Backstock has to be one of the most annoying things to deal with when I am organizing. The problem with backstock is that it has to be out of the way but still easy enough to access when you need it. So that always leaves me with the problem of where to put it. Especially in a small kitchen, it is so important to have a good system for backstock. I am here to solve all your problems and share my best tips for how to organize backstock like a pro!
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What is backstock?
Before you can learn how to organize backstock, you need to know exactly what it is. In short, backstock is any extra products. One of the hardest things about backstock is that depending on the room, backstock looks like something different. In the kitchen, backstock may be the extra cereal that didn’t fit in the clear canister. But, in the bathroom, the extra toothbrushes in the multipack are backstock. In the laundry room, backstock may be the extra rolls of paper towels or bottles of detergent.
Obviously, backstock looks like something different depending on the room and the products. But, that doesn’t mean it all can’t be organized. You just have to learn how to organize backstock for each room in specific.
Why do you have backstock?
In most cases, the only reason you have backstock is because you bought something in bulk. Whether it’s a huge bag of flour or a family pack of toilet paper, you are obviously not going to be using everything at once.
Buying in bulk–especially for college students or anyone with a small space–may seem annoying and inconvient because you are stuck with all the extras. BUT… it is so important to buy in bulk for one reason: it will save you SOOO much money.
While it might not seem like that big of a price difference, buying a lot of your commonly used items in bulk can save you a crazy amount of money each year. Things like toilet paper, paper towels, paper goods, plastic bags, baking ingredients, cereal, and other products are perfect to buy in bulk. As long as you are sure you are going to use all of the product, you definitely want to buy in bulk.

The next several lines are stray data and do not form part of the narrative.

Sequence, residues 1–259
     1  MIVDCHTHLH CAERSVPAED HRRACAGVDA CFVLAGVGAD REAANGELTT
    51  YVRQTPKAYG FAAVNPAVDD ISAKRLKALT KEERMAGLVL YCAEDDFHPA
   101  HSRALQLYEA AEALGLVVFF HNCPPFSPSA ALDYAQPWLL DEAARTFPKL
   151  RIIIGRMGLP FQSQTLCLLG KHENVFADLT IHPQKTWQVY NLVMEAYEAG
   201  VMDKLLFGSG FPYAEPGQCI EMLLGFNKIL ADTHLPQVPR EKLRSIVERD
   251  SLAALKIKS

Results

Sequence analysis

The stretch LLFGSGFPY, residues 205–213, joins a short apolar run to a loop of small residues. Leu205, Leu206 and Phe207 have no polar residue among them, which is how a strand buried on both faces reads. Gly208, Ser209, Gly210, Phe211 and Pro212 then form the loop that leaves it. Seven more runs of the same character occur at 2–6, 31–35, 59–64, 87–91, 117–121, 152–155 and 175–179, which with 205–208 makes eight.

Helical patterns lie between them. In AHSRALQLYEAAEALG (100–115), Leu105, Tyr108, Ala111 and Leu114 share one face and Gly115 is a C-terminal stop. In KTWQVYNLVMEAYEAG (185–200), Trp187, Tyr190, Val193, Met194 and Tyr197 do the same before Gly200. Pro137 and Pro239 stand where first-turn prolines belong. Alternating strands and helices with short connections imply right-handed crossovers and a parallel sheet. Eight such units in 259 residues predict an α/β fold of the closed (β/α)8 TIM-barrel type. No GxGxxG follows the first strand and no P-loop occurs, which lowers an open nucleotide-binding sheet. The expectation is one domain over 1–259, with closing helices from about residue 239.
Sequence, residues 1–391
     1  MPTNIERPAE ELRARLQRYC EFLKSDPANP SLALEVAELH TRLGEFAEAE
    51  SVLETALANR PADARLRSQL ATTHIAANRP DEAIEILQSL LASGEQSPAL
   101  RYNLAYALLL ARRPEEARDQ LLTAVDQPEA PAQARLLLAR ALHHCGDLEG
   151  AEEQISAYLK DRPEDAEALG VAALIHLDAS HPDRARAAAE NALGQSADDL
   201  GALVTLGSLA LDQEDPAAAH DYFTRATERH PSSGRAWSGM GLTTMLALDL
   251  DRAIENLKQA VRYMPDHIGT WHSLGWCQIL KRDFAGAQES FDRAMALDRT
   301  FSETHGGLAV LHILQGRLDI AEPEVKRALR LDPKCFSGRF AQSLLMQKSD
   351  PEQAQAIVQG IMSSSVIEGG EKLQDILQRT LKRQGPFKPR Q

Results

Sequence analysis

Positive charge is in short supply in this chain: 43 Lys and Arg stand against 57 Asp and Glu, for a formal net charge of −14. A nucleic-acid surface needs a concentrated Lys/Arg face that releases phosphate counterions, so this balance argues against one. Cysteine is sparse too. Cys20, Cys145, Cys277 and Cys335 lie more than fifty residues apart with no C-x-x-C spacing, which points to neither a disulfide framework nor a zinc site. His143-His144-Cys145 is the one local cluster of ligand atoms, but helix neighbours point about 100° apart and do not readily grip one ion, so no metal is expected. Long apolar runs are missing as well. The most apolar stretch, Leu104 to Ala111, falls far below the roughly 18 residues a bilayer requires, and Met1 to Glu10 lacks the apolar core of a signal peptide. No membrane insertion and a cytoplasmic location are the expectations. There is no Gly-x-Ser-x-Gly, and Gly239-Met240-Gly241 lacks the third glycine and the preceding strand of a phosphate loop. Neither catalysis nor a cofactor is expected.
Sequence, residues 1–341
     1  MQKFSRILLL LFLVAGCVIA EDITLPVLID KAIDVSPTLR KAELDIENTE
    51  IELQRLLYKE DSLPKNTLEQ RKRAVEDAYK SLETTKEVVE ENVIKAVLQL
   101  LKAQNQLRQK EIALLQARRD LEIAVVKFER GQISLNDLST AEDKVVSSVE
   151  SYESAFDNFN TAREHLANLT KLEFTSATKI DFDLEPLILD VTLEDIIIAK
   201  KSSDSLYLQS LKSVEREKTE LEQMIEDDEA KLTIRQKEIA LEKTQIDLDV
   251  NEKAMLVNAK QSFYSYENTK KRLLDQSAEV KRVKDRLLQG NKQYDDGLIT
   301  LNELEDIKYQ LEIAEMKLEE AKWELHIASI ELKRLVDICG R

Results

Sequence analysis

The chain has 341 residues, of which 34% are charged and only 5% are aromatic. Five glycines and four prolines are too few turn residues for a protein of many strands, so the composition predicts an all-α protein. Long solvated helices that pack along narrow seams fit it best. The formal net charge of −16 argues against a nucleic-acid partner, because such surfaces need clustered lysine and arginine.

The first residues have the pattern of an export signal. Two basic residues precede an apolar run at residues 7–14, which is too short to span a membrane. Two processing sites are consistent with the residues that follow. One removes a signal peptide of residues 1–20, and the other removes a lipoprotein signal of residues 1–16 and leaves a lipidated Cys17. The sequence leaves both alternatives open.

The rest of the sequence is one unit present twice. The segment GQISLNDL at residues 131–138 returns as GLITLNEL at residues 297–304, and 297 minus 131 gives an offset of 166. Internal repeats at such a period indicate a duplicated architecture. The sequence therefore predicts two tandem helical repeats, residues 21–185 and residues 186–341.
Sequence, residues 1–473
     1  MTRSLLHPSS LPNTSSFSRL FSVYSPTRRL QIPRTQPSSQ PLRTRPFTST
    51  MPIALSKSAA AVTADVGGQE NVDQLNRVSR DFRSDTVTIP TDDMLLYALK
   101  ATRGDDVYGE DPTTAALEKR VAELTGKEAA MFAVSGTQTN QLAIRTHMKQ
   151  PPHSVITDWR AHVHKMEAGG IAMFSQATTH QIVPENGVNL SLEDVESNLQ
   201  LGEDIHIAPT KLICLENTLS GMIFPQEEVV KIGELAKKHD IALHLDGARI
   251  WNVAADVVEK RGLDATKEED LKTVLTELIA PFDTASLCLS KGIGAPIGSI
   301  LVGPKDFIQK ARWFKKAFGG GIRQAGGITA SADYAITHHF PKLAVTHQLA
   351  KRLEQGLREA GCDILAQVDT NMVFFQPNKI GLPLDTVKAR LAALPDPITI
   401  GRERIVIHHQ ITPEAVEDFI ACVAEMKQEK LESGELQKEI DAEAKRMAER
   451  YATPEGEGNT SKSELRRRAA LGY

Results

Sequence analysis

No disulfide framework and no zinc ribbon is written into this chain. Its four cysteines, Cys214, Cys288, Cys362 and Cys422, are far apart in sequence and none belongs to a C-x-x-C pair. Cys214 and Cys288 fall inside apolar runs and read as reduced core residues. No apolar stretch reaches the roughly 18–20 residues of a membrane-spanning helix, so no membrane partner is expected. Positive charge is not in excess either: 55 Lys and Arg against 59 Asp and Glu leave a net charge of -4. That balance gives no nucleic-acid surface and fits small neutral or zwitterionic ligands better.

But, buying in bulk obviously comes with a lot more stuff… stuff that has to stay organized somehow.
Types of backstock
In the kitchen and pantry, you have two basic categories for backstock: open and closed foods.
Open foods are anything that was opened, put into a canister, and are extra. Basically, anything with an open bag or half used box. For example, when I fill up my reusable cereal canisters, I have some cereal leftover in the bag that doesn’t fit.
For open foods, I love using OXO air tight containers. I basically use these for everything in my kitchen (cereal, nuts, flour, sugar, brown sugar, cocoa powder, chocolate chips, and probably a million more foods I can’t remember)! Click here for my favorite cereal containers and here for a multipack that is perfect for everything else!
Closed foods are anything that is extra, but still closed and sealed. Maybe you bought a family size box of granola bars: those are still closed, but you don’t need so many on hand at once.